[Reposted from the GDI blog]
Why We Lie About Aid is a book born out of bafflement, and not a little bit of frustration.
For a long time now I have been baffled about the apparent disconnect between how we – the public in donor countries – talk about aid as if it was solely about charity and poverty. I have seen friends, family and colleagues exposed time and again to donation drives, famine celebrities, and NGOs whose messaging centred on destitution. Or alternatively they have been told that aid is a waste of money, a useless or even corrupt tool for fattening experts and dictators. Both narratives stand in marked contrast with my research and consulting work, where I have encountered policymakers, public servants, civil society advocates, and development practitioners tirelessly working to set up and improve the institutions that can guarantee more effective states, fairer markets, and freer societies. I can only understand development – and, by extension, development assistance – as a political task. And yet that view has been all but absent from public debate, even among those most in favour of international solidarity.
My frustration stems from the lack of response by many of those who could actually change public perception. On the academic side, the study of development politics tends to focus on structural factors, long-term trajectories, and country comparisons – reform and change are hard to explain and predict, and have been largely left out of theory. On the practical side, a tricky set of political and bureaucratic dilemmas incentivize a certain obfuscation of reality. Under siege from histrionic critics and opportunistic ideologues, aid organizations have retreated into a convenient fiction of measurability and certainty. The reality of how they work on the ground – of what development actually is – simply does not fit in the templates and standards that they have to meet in order to survive as organizations.
Why We Lie About Aid is based on a decade worth of research and experience in developing countries like Sierra Leone, Liberia, Ghana, Uganda and Honduras, but also in donor countries like the United Kingdom, Spain and the United States. It draws upon concepts and theories from economics, political science and sociology, but also countless stories and experiences of development from real practitioners. It tries to summarize cutting-edge agendas for more effective aid formulated by insiders, while hopefully making their motivation and implications accessible to outsiders. It is testament and homage to so many innovative and courageous practitioners and scholars who have spent the better part of the last two decades trying to make foreign aid smarter, better matched to context, and more flexible. They have always faced an uphill struggle, and nevertheless they persist.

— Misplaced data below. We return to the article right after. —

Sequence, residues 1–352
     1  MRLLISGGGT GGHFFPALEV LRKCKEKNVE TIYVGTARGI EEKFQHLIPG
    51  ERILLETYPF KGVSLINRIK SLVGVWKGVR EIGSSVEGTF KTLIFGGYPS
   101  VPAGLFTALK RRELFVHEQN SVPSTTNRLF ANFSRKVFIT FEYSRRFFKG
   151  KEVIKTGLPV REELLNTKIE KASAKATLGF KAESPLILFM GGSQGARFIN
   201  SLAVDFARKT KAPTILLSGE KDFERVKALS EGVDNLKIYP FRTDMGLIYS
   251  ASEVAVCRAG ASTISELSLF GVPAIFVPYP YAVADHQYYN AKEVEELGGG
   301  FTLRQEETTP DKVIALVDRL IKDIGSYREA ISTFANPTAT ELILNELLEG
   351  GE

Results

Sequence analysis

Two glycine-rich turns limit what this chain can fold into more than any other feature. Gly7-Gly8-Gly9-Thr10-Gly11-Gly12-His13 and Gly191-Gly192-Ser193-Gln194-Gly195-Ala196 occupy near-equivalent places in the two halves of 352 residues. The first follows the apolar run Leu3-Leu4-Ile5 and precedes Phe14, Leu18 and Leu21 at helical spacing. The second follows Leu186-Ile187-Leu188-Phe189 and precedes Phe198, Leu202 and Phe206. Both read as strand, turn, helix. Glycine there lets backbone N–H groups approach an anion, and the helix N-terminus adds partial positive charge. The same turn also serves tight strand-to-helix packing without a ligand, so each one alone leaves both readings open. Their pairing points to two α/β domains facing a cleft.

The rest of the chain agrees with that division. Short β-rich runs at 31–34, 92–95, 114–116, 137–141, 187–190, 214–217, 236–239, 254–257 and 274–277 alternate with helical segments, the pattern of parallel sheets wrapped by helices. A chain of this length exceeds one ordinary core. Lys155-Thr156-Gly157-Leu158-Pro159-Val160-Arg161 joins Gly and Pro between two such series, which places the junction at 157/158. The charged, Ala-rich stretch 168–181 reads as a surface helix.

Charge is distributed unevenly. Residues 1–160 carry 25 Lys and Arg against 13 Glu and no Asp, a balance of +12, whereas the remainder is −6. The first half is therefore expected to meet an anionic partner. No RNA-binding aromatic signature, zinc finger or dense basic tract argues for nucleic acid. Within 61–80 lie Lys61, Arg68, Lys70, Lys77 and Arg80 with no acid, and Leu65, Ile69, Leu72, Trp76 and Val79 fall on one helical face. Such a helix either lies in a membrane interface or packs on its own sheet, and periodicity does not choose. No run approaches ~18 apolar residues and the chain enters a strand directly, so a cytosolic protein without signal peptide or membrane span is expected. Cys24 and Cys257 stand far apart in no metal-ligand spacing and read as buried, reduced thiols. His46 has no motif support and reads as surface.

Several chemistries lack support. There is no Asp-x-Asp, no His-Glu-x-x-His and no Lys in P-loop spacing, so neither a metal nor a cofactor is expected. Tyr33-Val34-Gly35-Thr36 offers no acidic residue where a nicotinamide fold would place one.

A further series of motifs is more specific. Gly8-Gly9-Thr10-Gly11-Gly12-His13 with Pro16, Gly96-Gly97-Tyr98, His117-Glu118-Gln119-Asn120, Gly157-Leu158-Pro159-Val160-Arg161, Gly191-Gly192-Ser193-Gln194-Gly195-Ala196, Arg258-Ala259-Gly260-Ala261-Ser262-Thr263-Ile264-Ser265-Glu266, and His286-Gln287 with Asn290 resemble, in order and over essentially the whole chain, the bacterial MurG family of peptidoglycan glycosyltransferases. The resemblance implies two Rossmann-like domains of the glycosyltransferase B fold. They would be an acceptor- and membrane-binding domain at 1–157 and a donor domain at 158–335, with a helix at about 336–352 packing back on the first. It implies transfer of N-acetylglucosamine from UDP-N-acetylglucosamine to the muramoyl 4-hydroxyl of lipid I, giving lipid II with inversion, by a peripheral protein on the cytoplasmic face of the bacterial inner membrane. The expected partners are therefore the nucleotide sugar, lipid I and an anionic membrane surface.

Friends and colleagues often call me a contrarian, and this book may very well be proof that they are right. I thought someone should write an accessible book that outlined the politics of aid in all its messiness: the theatrics of donor country debates, the complexity of institutional reform, and the challenges of adopting a more politically-smart way of delivering assistance. A book that acknowledges the merits of accountability and value-for-money, of criticism of power relations and coercive agendas. But also a book that recognizes the catalytic impact of aid, its positive externalities, the myriad little ways in which it can nudge recalcitrant actors towards positive change.
Why We Lie About Aid offers a pragmatic but hopeful understanding of development, comprising ideas that will resonate with aid sceptics and champions alike, as well as questions that will challenge how we tend to frame donor debates. Instead of sticking to the jarring – if comfortable – poles of the debate, it occupies the messy middle of actual development practice, hoping to draw attention to the stubborn reformers and dogged activists that I have encountered over the years. In that sense, it is indeed a book about contrarians.
Above all, I believe it is worth reminding ourselves of the principles that made the aid system grow to what it is today, principles that I believe to be as valid and morally desirable today as they were almost eight decades ago when the Atlantic Charter was signed. This may not seem like the best time to argue for humane internationalism, with donor politics beholden to nativists, populists, and economic protectionists. But the scale of the challenge does not diminish the importance of such principles going forward. If donors are to remain relevant, and if their development partners are to achieve meaningful, sustainable change, we need to rethink what we expect from aid. And that starts here, at home, by asking better questions and hopefully arriving at more interesting answers.